Exploring general versus task-specific assessments of metacognition in university chemistry students: A multitrait–multimethod analysis

Chia-Yu Wang*

*Corresponding author for this work

Research output: Contribution to journalArticle

6 Scopus citations

Abstract

The purpose of this study was to use multiple assessments to investigate the general versus task-specific characteristics of metacognition in dissimilar chemistry topics. This mixed-method approach investigated the nature of undergraduate general chemistry students’ metacognition using four assessments: a self-report questionnaire, assessment of concurrent metacognitive skills, confidence judgment, and calibration accuracy. Data were analyzed using a multitrait–multimethod correlation matrix, supplemented with regression analyses, and qualitative interpretation. Significant correlations among task performance, calibration accuracy, and concurrent metacognition within a task suggest a converging relationship. Confidence judgment, however, was not associated with task performance or the other metacognitive measurements. The results partially support hypotheses of both general and task-specific metacognition. However, general and task-specific properties of metacognition were detected using different assessments. Case studies were constructed for two participants to illustrate how concurrent metacognition varied within different task demands. Considerations of how each assessment may appropriate different metacognitive constructs and the importance of the alignment of analytical constructs when using multiple assessments are discussed. These results may help lead to improvements in metacognition assessment and may provide insights into designs of effective metacognitive instruction.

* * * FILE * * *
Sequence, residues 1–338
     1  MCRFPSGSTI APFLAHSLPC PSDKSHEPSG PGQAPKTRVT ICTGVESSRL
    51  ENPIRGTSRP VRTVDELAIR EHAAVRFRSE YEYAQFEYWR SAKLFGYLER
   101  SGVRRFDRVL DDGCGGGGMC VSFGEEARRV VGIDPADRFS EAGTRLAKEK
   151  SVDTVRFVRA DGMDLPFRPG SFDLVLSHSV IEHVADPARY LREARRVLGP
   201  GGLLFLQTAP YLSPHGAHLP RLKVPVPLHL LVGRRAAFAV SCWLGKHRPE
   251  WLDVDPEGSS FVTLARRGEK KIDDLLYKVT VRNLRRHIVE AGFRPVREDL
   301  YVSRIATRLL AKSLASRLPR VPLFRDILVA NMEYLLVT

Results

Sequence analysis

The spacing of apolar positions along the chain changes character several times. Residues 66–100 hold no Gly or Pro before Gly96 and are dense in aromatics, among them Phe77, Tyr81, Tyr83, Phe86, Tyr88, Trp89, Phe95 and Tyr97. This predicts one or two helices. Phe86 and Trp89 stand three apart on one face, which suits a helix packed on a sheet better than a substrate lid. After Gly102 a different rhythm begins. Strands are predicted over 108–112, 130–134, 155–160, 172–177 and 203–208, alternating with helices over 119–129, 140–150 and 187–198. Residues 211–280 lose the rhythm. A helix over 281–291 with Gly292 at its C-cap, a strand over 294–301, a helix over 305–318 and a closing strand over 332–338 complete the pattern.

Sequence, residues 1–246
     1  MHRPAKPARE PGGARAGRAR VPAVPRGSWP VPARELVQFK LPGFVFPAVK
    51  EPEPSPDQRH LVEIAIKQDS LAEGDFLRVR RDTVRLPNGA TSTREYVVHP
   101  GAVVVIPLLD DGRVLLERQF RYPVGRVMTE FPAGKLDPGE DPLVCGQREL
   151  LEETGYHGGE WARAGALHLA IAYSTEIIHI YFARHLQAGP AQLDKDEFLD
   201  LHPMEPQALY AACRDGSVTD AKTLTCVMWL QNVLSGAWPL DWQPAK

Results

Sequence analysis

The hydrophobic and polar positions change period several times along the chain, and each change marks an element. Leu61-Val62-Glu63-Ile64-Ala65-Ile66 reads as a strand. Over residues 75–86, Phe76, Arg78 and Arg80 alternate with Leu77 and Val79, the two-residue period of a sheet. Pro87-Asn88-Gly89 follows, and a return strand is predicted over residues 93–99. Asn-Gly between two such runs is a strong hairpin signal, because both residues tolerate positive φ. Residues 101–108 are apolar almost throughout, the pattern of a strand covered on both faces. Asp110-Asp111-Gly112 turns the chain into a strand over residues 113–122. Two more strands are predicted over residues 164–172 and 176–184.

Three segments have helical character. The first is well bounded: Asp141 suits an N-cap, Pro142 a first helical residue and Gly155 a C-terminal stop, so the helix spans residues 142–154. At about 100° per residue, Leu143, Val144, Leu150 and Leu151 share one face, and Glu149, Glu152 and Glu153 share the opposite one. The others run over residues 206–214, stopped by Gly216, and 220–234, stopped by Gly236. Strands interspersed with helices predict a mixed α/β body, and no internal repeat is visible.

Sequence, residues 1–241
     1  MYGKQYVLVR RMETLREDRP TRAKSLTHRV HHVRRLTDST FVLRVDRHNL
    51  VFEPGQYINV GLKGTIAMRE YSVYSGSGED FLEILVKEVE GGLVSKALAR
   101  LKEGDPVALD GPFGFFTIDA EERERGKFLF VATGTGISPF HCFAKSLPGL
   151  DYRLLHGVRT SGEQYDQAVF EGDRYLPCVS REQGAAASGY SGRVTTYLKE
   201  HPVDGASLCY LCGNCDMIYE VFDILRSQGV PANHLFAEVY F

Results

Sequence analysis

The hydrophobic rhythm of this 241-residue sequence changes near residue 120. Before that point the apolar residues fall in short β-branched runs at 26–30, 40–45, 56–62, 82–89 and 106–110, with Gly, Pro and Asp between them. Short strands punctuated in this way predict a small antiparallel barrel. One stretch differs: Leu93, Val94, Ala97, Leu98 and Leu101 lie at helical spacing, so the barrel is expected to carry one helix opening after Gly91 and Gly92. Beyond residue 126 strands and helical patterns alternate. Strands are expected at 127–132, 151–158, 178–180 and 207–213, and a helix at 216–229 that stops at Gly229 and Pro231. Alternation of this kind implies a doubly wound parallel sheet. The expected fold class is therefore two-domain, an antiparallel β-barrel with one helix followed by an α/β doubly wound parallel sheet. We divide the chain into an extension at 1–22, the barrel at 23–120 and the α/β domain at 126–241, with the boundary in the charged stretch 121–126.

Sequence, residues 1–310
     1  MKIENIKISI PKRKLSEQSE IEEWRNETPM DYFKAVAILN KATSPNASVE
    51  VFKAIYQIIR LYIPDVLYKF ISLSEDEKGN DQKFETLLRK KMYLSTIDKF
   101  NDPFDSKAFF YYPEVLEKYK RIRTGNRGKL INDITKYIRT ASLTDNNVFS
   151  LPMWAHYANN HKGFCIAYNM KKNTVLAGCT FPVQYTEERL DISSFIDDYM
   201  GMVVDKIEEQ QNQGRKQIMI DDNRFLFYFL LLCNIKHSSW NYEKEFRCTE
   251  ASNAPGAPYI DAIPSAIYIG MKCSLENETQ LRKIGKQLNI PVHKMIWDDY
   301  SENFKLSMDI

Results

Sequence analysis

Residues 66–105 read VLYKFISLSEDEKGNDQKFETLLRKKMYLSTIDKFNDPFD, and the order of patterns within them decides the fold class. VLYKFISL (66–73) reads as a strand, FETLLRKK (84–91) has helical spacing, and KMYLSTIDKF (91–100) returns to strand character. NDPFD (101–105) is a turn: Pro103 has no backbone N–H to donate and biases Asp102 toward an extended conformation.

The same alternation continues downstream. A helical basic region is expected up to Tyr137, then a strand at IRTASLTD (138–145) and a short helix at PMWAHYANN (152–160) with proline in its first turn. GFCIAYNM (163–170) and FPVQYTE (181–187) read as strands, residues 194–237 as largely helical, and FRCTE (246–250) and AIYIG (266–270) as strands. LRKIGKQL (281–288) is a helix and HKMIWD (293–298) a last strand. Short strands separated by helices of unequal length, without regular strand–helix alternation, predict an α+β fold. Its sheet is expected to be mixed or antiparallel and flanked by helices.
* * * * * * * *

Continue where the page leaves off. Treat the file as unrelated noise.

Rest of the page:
Original languageEnglish
Article numberA004
Pages (from-to)555-579
Number of pages25
JournalResearch in Science Education
Volume45
Issue number4
DOIs
StatePublished - 1 Aug 2015

Keywords

  • Assessment
  • Generality
  • Metacognition
  • Multitrait–multimethod analysis
  • Taskspecificity
  • Undergraduate students

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